A bilingual director will work with state agencies to develop and implement plans, including translated documents and interpreters for legal, administrative hearings and health services. Services would be offered to non-English speaking groups that comprise at least five percent of the population, according to the bill.
Currently, only some Illinois state agencies provide services in languages other than English. The Illinois Department of Public Health provides free language assistance services, such as interpreters and documents translated into over 100 languages. The department also has Spanish-speaking staff. The Illinois State Board of Education, the Illinois Department of Revenue, and the Illinois Courts have similar language access programs and services.
In Chicago, former Mayor Rahm Emanuel passed the Language Access Ordinance in 2015, which tasked each city department with creating a Language Access Policy and Implementation Plan to help Chicagoans with limited English proficiency receive services and information for the most commonly spoken languages Spanish, Mandarin, Polish, Arabic, Hindi and Urdu.
But many organizers feel local departments with language services don’t go far enough, especially as new busloads of migrants are arriving in Chicago daily.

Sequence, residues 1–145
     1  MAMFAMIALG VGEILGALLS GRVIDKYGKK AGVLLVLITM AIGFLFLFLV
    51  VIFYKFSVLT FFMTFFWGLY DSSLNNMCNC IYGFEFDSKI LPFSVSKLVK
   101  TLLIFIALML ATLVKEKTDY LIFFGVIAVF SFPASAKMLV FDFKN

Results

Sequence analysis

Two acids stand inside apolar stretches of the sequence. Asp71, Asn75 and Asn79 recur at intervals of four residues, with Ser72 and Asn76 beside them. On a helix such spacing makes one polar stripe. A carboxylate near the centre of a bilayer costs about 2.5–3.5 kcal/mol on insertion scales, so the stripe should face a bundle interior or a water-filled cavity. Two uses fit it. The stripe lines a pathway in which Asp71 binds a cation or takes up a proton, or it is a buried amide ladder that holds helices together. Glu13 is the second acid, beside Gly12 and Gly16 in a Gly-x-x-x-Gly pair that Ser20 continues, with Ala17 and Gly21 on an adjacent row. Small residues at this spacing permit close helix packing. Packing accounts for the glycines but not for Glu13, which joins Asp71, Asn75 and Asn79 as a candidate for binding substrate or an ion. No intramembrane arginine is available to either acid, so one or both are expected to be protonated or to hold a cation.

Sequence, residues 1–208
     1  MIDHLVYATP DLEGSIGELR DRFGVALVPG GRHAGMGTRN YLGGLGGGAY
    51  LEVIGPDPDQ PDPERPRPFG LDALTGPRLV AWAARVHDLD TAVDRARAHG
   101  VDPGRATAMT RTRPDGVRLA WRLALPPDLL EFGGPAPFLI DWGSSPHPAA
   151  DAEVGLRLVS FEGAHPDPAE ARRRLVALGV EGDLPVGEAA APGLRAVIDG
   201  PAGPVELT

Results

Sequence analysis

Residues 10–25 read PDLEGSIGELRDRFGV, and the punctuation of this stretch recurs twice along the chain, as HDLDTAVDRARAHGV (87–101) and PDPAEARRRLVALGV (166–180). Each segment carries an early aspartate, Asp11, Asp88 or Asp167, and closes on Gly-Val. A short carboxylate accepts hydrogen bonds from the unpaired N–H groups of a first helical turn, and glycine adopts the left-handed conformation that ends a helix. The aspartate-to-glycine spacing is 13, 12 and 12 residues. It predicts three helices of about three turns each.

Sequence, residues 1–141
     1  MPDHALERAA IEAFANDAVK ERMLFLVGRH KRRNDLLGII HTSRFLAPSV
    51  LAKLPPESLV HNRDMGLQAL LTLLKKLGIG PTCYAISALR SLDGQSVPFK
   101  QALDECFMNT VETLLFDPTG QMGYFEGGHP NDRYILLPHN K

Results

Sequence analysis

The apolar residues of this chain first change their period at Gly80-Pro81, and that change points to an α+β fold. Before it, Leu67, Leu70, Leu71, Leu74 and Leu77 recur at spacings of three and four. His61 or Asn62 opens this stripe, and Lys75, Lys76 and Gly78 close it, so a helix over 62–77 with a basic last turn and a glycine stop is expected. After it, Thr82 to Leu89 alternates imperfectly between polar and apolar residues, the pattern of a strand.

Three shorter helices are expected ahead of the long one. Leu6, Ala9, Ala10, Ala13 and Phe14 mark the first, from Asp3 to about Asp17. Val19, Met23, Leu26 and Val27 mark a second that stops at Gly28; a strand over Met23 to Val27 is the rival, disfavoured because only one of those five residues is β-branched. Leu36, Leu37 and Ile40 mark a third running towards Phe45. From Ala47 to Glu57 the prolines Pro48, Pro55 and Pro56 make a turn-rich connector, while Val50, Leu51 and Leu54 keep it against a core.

When residents cannot receive the services and resources from local government, community organizations that are underfunded and understaffed are often left to pick up the slack, Gandhi said.
“This is a state responsibility to make sure that their services are accessible to people,” he said
Language access is the first step in improving the lives of immigrants, supporters say
State Rep. Hoan Huynh, a Language Equity and Access Act bill sponsor, believes the legislation would provide new immigrants and refugees with resources to settle in a new country without facing language barriers to access critical resources.
Huynh, a son of Vietnam War refugees, grew up translating and interpreting for his parents. Passing the Language Equity and Access Act would ease the translation burden off of children of immigrants by making state resources more accessible, he said.